In this project there isn’t much to do on the hardware side. We just have to connect the development board – in this case the Heltec ESp32 LoRa V2 – to the antenna using the bundled SMA connector. I decided to replace the bundled antenna with a “bigger one”, in order to achieve an higher gain (5 dBi). Also, the antenna adopted can be tilted, so that I can place it in a vertical position without waterproofing issues. Once this operation has been done, we can go go to the software flashing. It’s strongly suggested to use the Heltec ESP32 LoRa with the antenna connected, otherwise you can burn the built-in modem. This applies also for any other external antenna device, so be careful!
Software setup: compile and flash the LoRaWAN Single Channel Gateway implementation of the Heltec ESP32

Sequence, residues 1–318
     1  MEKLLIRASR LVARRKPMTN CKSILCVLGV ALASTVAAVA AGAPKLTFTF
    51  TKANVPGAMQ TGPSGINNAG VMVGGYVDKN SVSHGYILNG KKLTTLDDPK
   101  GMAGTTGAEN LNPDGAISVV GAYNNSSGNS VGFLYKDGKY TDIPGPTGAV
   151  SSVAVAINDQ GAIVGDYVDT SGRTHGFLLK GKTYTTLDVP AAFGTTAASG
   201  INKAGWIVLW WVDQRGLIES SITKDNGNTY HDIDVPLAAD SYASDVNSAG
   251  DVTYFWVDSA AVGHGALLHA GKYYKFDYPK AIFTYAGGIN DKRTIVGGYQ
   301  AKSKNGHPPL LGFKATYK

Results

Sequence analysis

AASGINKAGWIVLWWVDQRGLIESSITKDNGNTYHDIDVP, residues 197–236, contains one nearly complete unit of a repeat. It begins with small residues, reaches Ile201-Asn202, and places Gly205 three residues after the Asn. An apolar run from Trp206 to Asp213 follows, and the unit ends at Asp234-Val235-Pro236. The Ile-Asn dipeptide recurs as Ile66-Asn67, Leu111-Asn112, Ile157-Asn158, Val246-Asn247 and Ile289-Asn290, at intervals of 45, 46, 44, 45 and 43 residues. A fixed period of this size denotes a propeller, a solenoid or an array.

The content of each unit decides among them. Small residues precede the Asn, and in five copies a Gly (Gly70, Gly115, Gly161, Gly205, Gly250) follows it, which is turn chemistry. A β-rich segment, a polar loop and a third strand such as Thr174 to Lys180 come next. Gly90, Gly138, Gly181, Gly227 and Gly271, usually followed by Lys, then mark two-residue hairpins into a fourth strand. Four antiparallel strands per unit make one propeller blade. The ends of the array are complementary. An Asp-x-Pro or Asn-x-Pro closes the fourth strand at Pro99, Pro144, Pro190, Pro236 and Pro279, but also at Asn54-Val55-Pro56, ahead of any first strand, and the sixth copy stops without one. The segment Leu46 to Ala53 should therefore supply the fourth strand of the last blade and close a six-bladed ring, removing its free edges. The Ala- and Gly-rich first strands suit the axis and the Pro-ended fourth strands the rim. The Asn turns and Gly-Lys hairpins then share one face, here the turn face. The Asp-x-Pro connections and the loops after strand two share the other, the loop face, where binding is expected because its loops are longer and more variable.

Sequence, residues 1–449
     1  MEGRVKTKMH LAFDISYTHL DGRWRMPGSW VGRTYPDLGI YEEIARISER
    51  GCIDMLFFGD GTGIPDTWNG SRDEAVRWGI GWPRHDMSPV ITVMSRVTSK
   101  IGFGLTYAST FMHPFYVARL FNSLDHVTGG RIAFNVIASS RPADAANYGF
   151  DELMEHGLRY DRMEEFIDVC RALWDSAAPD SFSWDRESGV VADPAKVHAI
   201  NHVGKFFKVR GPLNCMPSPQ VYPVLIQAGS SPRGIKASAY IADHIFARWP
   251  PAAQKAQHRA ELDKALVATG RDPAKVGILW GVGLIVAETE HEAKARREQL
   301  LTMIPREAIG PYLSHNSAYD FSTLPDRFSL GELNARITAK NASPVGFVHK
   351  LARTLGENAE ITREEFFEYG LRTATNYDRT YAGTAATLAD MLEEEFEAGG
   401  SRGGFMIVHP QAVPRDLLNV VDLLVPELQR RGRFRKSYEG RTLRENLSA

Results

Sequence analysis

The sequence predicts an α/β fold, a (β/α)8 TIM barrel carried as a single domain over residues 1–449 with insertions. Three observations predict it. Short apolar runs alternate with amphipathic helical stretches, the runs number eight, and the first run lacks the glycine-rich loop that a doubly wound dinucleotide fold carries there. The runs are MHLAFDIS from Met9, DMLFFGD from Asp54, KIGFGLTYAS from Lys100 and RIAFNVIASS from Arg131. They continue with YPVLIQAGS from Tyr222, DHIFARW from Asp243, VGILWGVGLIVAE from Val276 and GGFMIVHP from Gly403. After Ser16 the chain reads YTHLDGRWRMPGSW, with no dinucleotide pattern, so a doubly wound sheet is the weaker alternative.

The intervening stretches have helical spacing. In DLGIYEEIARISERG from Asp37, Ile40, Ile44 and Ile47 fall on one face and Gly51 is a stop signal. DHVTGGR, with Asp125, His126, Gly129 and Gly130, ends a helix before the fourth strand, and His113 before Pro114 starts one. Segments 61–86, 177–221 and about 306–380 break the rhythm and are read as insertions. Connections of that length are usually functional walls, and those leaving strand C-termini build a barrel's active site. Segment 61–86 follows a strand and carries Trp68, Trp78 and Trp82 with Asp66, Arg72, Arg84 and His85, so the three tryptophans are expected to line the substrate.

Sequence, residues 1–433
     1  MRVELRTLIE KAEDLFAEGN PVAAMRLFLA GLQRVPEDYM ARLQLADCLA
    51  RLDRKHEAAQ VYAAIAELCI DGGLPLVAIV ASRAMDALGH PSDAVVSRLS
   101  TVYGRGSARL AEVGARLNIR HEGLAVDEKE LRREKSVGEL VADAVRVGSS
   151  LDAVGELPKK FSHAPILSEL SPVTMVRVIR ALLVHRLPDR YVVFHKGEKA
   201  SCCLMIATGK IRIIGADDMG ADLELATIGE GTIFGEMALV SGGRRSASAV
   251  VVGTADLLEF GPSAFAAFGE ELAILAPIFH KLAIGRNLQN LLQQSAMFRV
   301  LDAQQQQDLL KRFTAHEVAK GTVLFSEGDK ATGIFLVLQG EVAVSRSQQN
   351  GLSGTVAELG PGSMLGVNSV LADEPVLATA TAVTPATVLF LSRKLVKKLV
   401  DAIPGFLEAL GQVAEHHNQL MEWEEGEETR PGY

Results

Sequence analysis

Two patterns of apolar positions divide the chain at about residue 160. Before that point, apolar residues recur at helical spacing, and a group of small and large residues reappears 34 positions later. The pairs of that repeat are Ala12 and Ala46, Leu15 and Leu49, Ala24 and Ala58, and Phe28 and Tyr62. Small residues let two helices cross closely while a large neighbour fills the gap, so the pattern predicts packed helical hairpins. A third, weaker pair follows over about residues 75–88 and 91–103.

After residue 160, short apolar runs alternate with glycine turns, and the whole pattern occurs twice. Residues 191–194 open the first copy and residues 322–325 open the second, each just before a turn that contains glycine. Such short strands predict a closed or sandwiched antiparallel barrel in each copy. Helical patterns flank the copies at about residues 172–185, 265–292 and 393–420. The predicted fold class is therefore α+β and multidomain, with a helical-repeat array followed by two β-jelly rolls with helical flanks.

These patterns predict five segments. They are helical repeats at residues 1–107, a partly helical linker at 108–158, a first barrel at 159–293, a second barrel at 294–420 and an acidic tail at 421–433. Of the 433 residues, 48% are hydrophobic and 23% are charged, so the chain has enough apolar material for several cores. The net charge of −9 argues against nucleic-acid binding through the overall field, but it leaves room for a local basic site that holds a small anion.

At this point, we have to work on the software part. I use the Arduino IDE to program my ESP32 and 8266 boards. However, you can use any other IDE you want. If you decide to use Arduino IDE, be sure to import the right libraries and COM ports driver. You can check this tutorial.
Now we have to simply compile and flash the firmware to our LoRaWAN ESP32 development board. Initially, we have to download the LoRaWAN Single Channel Gateway implementation for ESP32 and Semtech-based dev boards, like the one used in this tutorial. As already stated, I’m not the developer of the LoRaWAN implementation, so I’ll link the original author (Maarten Westenberg) of the code, where you will also find the updated version of the code: GitHub repository.
Clone or download the whole repository, decompress it and go to the “src” folder, where you will find the source code of the LoRaWAN Single Channel Gateway implementation for any ESP32 board with a Semtech Lora modem.